A Characterization of Sensory and Motor Neural Dysfunction in Patients Undergoing Hip Arthroscopic Surgery: Traction- and Portal Placement–Related Nerve Injuries



Document Type

Journal Article

Publication Date


Publication Title

Orthopaedic Journal of Sports Medicine






femoroacetabular impingement, labral tear, neurapraxia, postoperative complications


Background: There is a paucity of prospectively collected data as they relate to nerve injuries after hip arthroscopic surgery. Studies describing the relationship of neurological injuries to portal placement and the duration and magnitude of traction force with regular and standardized patient follow-up protocols are limited. Purpose/Hypothesis: The purpose of this study was to characterize nerve deficits in a series of patients undergoing hip arthroscopic surgery as these deficits relate to axial traction and portal placement. It was hypothesized that in patients who presented without nerve deficits after surgery, the magnitudes of traction-related measurements would exceed previous recommendations based on expert opinion (<50 lb). Additionally, it was hypothesized that sensory disturbance would commonly be observed (≥16%) localized to the distal anterolateral thigh related to portal placement. Study Design: Case series; Level of evidence, 4. Methods: A total of 45 patients scheduled to undergo hip arthroscopic surgery between July 2012 and February 2014 were included in this study. Traction force was measured and recorded every 5 minutes during surgery, and patients were assessed by a physical examination for deficits in light touch sensitivity at all lower extremity dermatomes preoperatively and at 3 weeks, 6 weeks, 3 months, and 1 year postoperatively. Patients were also tested for strength deficits and rated on the manual muscle testing grading scale. Patients reported modified Harris Hip Score (mHHS), Hip Outcome Score–Activities of Daily Living and –Sport subscales (HOS-ADL and HOS-Sport, respectively), Short Form–12 (SF-12) mental and physical component summaries, and international Hip Outcome Tool–12 (iHOT-12) scores preoperatively and at 1 year postoperatively. Results: Thresholds for maximum traction force, mean traction force, duration of traction, and traction impulse were 120 lb, 82 lb, 61 minutes, and 7109 lb·min, respectively, below which no patients presented with sensory or motor dysfunction thought to be related to traction. A minority (17.8%) of patients presented with highly localized, distal anterolateral sensory deficits suggestive of injuries related to portal placement, and 2.2% of patients presented with perineal numbness localized to the distribution of the pudendal nerve. All nerve deficits had resolved by 1-year follow-up. Conclusion: This study suggests that it may be possible to apply more axial traction force for a longer duration than expert opinion has previously suggested, without significant and, in the majority of cases (82.2%), any traction-related short-term complications. Transient traction- and portal placement–related nerve injuries after hip arthroscopic surgery may be more frequent (31.1% in this study) than have been reported historically.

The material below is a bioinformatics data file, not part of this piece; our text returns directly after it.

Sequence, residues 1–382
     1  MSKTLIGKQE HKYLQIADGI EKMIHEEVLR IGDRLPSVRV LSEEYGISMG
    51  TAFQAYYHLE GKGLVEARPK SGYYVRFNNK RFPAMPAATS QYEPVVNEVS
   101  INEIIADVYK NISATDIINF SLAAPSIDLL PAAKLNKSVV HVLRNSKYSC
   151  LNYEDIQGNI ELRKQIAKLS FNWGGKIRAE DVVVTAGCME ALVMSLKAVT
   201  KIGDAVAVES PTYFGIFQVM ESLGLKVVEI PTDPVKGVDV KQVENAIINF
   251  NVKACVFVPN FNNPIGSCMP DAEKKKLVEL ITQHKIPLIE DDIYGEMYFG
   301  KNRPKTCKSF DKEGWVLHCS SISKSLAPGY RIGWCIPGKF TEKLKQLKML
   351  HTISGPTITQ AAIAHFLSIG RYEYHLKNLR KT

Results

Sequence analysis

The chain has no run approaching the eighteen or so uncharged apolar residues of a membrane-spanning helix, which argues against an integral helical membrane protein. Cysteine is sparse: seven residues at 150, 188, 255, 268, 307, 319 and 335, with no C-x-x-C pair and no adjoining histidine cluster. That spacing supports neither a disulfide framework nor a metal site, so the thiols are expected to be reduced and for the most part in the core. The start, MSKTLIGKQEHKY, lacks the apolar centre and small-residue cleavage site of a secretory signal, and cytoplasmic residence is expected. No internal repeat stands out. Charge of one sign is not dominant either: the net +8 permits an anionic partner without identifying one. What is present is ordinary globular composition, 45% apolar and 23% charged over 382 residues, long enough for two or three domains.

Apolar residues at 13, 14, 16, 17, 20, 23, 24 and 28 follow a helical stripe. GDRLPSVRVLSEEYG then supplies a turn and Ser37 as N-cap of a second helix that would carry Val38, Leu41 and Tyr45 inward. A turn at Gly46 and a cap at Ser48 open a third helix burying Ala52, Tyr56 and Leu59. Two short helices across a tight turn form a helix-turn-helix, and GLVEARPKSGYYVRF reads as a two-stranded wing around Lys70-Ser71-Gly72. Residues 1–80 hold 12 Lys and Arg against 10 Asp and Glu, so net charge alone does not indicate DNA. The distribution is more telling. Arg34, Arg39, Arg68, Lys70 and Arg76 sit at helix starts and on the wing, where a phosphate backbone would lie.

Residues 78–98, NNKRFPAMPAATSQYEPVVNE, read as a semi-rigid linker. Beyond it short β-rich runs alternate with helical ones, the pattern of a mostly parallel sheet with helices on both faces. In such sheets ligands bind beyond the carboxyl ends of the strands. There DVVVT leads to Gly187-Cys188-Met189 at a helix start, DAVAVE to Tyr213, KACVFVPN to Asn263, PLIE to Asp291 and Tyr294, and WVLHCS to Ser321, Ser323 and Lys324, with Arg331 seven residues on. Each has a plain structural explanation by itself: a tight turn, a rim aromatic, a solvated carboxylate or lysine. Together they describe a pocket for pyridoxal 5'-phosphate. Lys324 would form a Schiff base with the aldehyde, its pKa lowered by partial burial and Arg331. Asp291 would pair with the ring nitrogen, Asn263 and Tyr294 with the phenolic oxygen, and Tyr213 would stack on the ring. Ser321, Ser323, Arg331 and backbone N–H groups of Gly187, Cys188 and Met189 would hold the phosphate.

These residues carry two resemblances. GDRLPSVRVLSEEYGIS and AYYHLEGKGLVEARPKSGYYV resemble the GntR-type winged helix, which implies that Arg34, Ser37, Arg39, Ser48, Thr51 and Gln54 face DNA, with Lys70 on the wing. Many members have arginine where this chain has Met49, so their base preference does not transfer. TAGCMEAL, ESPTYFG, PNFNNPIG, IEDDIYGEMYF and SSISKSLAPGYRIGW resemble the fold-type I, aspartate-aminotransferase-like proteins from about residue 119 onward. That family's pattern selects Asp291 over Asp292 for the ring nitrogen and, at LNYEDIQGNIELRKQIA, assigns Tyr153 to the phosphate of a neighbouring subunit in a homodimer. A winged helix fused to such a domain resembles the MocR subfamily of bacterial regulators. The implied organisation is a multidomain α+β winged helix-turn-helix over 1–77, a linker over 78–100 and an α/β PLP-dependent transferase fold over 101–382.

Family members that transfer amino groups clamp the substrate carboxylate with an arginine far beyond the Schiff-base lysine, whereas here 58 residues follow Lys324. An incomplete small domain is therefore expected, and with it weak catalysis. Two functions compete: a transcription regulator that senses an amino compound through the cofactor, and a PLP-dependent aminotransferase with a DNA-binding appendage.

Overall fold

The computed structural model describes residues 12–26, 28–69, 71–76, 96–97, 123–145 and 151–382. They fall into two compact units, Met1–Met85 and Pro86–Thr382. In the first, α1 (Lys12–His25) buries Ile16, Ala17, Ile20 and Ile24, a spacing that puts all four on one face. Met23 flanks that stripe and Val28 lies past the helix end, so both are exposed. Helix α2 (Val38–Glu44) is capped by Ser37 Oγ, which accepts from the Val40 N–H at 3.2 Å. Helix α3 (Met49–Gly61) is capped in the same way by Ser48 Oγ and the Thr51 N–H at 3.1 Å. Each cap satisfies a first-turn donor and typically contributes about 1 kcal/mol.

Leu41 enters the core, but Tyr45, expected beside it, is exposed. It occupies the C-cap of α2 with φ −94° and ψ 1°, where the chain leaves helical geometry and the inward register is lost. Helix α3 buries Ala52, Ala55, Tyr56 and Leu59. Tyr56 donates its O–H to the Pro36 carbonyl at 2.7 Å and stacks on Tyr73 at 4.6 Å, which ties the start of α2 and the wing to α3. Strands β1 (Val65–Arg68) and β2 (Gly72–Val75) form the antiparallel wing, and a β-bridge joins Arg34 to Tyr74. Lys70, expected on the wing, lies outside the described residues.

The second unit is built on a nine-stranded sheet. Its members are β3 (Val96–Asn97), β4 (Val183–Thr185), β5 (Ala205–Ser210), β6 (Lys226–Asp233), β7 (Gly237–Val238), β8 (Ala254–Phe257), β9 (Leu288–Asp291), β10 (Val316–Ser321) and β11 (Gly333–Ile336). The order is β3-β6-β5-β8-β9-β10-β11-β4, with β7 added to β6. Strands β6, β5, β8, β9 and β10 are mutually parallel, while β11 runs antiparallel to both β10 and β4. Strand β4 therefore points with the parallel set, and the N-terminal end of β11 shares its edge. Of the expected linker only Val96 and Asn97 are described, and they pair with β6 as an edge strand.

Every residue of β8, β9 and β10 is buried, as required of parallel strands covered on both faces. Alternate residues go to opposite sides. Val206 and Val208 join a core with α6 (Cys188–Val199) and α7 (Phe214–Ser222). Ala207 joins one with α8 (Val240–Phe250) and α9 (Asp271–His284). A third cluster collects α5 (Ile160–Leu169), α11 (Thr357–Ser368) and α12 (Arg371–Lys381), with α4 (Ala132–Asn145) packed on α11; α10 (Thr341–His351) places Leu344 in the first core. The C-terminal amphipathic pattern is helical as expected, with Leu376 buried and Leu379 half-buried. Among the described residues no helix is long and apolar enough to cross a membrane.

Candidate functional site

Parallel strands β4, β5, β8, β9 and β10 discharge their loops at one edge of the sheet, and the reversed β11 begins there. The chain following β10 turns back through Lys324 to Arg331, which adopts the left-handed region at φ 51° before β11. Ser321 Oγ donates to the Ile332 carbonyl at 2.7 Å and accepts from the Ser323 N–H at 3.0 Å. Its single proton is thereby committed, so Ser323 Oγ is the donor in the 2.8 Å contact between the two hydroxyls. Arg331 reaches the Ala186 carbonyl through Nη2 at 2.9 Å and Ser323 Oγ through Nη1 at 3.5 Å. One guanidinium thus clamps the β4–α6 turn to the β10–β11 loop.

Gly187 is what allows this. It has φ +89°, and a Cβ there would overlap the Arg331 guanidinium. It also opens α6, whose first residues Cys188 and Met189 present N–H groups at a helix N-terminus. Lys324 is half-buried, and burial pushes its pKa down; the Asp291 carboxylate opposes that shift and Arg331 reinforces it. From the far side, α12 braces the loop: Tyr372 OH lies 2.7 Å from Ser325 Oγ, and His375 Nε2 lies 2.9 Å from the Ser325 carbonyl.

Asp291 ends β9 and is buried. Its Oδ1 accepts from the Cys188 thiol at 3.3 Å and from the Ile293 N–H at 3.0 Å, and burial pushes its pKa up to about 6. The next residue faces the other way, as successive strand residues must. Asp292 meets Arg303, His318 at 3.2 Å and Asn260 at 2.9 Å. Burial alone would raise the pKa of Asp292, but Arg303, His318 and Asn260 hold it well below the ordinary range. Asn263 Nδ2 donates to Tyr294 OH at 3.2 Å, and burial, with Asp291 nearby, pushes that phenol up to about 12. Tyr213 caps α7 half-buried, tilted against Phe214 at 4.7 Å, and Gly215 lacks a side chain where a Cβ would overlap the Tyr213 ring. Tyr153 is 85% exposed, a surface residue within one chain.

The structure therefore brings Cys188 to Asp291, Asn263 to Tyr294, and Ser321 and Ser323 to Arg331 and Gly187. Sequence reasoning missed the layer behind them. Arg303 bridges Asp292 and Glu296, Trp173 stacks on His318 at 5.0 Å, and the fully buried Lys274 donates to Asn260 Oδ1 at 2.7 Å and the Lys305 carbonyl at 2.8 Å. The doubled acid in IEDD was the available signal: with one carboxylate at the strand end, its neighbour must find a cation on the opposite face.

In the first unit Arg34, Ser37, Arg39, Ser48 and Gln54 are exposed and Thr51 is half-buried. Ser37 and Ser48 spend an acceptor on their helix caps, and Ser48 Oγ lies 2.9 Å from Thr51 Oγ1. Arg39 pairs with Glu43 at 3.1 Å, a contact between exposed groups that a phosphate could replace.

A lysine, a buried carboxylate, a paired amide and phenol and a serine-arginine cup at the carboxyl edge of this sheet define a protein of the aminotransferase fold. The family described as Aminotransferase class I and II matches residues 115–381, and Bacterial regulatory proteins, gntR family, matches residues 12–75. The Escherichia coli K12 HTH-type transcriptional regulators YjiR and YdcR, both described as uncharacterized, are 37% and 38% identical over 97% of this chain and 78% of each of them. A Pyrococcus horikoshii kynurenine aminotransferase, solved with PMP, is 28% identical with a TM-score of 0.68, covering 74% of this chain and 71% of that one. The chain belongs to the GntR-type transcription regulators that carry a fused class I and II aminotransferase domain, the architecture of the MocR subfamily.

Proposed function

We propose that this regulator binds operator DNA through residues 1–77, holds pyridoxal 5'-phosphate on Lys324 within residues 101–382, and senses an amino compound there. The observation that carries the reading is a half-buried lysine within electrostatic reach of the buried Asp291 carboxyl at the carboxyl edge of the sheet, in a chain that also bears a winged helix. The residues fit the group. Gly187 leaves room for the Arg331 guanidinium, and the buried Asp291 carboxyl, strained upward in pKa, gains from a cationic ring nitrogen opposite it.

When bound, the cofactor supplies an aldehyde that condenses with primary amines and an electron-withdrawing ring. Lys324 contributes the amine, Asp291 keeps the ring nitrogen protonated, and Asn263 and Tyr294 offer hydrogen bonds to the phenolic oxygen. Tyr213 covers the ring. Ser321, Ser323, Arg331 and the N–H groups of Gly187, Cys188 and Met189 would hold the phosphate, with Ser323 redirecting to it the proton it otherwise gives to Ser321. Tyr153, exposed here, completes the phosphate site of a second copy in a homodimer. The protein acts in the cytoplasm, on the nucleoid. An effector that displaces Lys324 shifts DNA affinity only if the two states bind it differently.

Open Access